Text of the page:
The significant thing that has changed is the emergence of an exceptional leader capable of more effectively organizing our dedicated enemies and setting them to work against us.

    Such leadership is no more common there than it is here, which is why it was and still remains vitally important to capture or kill Osama. We are actually further from that than ever due to the mishandling of the War On Terror–but even than could be turned around with the right policies shaped by clear thinking.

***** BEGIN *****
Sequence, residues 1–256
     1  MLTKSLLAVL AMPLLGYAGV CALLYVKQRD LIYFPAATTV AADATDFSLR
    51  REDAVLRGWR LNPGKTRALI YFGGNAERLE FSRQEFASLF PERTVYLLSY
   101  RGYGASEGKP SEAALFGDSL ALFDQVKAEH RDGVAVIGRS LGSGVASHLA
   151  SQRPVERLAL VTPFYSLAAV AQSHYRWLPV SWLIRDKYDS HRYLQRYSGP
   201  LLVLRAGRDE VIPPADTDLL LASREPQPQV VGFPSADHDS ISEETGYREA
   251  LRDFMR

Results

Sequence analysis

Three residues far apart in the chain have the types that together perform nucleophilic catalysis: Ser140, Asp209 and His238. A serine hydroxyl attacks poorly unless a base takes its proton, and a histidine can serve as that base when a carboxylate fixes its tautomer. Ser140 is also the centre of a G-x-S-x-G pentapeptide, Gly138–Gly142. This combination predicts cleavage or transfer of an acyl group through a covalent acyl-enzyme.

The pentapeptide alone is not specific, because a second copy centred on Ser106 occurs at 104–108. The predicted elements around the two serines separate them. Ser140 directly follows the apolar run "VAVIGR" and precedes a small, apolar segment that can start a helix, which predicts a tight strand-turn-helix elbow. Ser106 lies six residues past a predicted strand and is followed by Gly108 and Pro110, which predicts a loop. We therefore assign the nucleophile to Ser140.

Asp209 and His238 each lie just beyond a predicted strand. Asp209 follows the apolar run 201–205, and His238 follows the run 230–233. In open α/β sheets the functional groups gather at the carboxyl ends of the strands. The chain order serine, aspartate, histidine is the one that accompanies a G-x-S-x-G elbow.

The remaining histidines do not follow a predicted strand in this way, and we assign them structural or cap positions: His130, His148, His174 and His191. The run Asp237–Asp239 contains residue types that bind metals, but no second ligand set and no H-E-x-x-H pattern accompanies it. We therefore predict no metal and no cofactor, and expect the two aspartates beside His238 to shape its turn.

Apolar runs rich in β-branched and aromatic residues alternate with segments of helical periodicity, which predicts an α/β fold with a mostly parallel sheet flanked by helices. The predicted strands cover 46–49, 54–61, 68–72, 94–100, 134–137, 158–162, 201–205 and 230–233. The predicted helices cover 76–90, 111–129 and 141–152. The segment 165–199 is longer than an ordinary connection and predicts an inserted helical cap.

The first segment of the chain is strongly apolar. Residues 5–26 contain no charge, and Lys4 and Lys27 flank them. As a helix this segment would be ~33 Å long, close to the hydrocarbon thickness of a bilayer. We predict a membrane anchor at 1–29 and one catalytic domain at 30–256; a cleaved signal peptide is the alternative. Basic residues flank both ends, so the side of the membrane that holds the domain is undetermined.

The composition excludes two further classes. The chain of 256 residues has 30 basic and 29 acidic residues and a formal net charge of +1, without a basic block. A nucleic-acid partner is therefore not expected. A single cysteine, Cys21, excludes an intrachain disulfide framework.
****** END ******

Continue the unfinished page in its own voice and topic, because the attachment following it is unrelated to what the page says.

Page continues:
Furthermore, the worry that reducing our dependence on Middle Eastern oil would be interpreted as “weakness” on our part is a piece of the terminally muddled thinking which has hobbled us.

    The reasons for doing this are part of the “best interests of the citizenry” which you brought up on another post. (If you doubt this spend a little time looking into how China has been involved in driving oil prices higher–we have adversaries and competitors beyond the Middle East.)

    More generally, it matters very little whether the “jihadists” think us weak or strong, since they will attack in any case and are immune to intimidation. What does matter is whether we can make policy by choice and not by constraint in response to it. Oil dependence has prevented this from the get-go and should be abandoned.